What Other Savings and Investments Do You Have? Chances are that your self directed IRA won’t be the only asset you have available to fund your retirement. How much do you have in taxable investment accounts, other retirement accounts, savings accounts, and assets such as your home? How much do you anticipate receiving each month in Social Security?

When planning your retirement, you may wish to prioritize withdrawals from certain accounts over others. For example, self-directed IRAs will continue to grow tax-deferred or tax-free basis, so you may wish to fund your retirement primarily or exclusively from taxable investment accounts before you take distributions from your IRA.

The Dangers of Not Having a Plan. Planning withdrawals from your self-directed IRA is important because you want to minimize the chance of outliving your retirement fund. You may wish to start conservatively in taking distributions from your self-directed IRA, but then readjust your plan as necessary, potentially even from year to year.

Required Minimum Distributions. If your self-directed IRA is set up as a traditional account, then you’ll need to take into account the prospect of being subject to required minimum distributions. These rules provide that once you reach age 70 1/2, you must begin taking minimum distributions each year from a traditional IRA. This may not be an issue, but if you would prefer to continue to leave funds in your self-directed IRA later in life, then you may wish to consider converting to a Roth account. Contact Quest Trust Company for more details.

Four Ways Your Self-Directed IRA Can Be The Foundation Of Your Retirement Strategy

Financial planning for retirement generally means accumulating as large of a nest egg as possible, and there are numerous ways to save. But it can be helpful to identify a primary savings vehicle to serve as the foundation of your retirement strategy, and let all of your other retirement decisions flow from there. A self-directed IRA with a custodian such as Quest Trust Company is a great candidate to become just such a foundation.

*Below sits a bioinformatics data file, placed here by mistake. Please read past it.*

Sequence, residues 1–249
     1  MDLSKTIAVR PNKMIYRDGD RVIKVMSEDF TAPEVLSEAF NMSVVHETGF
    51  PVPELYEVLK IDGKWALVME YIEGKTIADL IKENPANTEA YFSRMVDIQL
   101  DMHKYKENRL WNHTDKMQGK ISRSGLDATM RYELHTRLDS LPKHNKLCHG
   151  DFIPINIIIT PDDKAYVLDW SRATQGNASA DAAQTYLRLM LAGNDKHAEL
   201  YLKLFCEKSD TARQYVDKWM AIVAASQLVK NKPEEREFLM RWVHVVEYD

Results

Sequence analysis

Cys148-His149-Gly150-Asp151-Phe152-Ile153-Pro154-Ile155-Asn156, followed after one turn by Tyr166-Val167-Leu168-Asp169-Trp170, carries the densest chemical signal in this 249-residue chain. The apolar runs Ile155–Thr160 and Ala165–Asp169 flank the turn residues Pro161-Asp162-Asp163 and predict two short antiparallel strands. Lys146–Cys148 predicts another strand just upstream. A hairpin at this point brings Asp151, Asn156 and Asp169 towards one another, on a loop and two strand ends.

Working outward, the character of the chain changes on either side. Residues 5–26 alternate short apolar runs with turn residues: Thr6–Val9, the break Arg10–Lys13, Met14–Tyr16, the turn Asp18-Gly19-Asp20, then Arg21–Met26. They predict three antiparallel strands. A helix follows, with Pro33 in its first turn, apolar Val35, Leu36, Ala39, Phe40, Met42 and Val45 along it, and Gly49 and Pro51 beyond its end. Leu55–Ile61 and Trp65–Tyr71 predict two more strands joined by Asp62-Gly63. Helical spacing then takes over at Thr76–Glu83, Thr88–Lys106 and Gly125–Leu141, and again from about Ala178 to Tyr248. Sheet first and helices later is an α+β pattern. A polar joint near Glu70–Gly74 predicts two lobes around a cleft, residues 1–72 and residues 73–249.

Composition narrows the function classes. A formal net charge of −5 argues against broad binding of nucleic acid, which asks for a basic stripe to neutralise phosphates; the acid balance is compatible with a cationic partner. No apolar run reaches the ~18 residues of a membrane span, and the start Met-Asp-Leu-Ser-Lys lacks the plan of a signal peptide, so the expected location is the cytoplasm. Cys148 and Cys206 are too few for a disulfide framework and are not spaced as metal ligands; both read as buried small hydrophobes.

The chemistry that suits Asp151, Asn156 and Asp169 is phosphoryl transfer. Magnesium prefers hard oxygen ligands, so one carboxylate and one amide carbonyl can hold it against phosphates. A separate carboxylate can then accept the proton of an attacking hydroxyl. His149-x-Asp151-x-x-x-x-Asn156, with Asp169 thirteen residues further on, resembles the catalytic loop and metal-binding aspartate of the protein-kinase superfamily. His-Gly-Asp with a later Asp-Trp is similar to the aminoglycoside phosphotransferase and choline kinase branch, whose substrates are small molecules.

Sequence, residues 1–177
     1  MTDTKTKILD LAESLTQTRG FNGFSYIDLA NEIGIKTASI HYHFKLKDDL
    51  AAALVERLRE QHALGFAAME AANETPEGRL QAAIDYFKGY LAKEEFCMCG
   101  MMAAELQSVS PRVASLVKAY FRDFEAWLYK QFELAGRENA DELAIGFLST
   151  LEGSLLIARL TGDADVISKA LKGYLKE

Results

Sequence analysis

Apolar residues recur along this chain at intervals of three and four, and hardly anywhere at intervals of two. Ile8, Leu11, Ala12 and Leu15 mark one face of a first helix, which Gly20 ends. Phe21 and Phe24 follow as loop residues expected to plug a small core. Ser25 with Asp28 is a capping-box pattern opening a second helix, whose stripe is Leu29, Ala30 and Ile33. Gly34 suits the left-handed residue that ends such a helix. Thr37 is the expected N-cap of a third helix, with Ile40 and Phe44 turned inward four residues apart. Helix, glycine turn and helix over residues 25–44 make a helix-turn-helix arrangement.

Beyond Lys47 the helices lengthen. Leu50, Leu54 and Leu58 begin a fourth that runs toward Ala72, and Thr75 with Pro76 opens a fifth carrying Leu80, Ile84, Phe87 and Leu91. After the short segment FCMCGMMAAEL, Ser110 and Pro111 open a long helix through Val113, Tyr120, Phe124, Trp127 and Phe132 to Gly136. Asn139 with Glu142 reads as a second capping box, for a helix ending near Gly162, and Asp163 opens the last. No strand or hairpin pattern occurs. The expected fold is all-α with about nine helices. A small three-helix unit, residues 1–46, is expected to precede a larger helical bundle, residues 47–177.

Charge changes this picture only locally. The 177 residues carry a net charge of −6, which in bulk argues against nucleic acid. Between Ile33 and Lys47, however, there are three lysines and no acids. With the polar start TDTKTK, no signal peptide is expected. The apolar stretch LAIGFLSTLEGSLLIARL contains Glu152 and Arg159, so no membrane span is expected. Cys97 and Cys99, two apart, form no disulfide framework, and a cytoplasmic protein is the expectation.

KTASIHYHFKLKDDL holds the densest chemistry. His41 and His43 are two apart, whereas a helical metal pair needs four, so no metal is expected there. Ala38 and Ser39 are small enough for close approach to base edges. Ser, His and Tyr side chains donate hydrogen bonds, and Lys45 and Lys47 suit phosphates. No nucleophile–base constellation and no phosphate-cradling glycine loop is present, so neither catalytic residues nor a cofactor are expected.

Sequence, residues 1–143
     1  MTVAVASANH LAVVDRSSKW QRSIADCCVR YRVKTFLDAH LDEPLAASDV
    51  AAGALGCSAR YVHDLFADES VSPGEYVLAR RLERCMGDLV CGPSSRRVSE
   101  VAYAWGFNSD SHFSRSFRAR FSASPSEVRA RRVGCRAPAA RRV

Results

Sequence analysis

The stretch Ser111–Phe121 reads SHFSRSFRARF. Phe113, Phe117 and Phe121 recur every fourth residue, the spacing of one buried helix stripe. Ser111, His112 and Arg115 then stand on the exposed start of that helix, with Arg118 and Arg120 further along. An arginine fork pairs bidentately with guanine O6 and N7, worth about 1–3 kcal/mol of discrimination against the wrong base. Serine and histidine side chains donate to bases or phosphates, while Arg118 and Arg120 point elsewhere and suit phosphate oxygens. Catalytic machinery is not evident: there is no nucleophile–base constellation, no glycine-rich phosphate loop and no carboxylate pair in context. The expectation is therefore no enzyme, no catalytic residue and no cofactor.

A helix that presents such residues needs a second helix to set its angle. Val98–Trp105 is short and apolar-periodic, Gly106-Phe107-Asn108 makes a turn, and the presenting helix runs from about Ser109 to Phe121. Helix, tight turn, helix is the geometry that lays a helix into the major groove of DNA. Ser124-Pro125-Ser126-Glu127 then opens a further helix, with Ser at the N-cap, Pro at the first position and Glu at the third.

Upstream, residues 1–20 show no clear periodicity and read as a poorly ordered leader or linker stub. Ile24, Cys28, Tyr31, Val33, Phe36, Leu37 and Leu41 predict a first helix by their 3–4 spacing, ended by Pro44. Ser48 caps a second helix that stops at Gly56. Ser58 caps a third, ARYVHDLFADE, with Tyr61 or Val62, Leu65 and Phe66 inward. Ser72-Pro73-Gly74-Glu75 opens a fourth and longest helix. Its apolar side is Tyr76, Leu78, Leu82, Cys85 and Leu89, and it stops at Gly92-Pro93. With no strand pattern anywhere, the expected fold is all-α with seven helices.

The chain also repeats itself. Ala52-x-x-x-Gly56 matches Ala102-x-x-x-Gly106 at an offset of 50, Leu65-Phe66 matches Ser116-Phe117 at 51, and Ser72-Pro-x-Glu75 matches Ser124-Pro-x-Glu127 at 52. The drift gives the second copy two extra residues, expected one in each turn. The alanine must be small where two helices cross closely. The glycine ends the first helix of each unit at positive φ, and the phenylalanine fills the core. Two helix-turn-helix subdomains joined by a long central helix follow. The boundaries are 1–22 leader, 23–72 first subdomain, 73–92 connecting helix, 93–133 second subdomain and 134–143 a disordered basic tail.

1. A Wider Range of Investment Choices. Perhaps the biggest advantage that a self-directed IRA has over other retirement accounts is that you are permitted to take investment positions in the broadest possible range of investment choices. For example, when compared to the typical employer-sponsored 401(k), a self-directed IRA held at a custodian such as Quest Trust Company provides significantly more flexibility.

Having a self-directed IRA allows you to invest your retirement funds directly in real estate, private equity, private mortgages and loans, and even precious metals.This flexibility not only allows you to invest in exactly those assets you wish, having a wider range of choices means that you can tailor your holdings to the risk/reward profile that best suits your needs and investing personality. This makes the self-directed IRA an excellent choice for the foundation of your retirement plan.

  1. Additional Investment Opportunities. Making the maximum contributions to your self-directed IRA each year does not preclude you from using other retirement savings accounts such as an employer-sponsored 401(k). Depending on your tax filing status (single versus married) and your income level, as well as the type of your self-directed IRA (Roth versus traditional), you may even be able to deduct these contributions from your current year tax return.
  2. Portability and Availability.The individual retirement account is something you’ll always have available to make contributions to, every single year, regardless of whatever other options may be provided by your employer. As long as you have earned income, you can make annual contributions to your account. This makes a self-directed IRA a great choice for building your other retirement planning around.

In contrast, in order to have access to a 401(k) plan, your employer must choose to make it available. Employers can also change the investment options or terms of these plans over time, and if you choose to change jobs or careers and work for a company that doesn’t offer such a plan, then you’ll find your self-directed IRA to be particularly desirable.

  1. Estate Planning Advantages. There are also some estate planning advantages if you decide to leave your self-directed IRA to your spouse. In short, under some circumstances your surviving spouse can treat the inherited IRA as if it was their own, thereby extending the period of time for which they can leave the assets in the account to continue to grow on a tax-deferred or tax-free basis.

You can make your retirement planning easier by using a self-directed IRA to serve as the foundation for all of your future investing moves.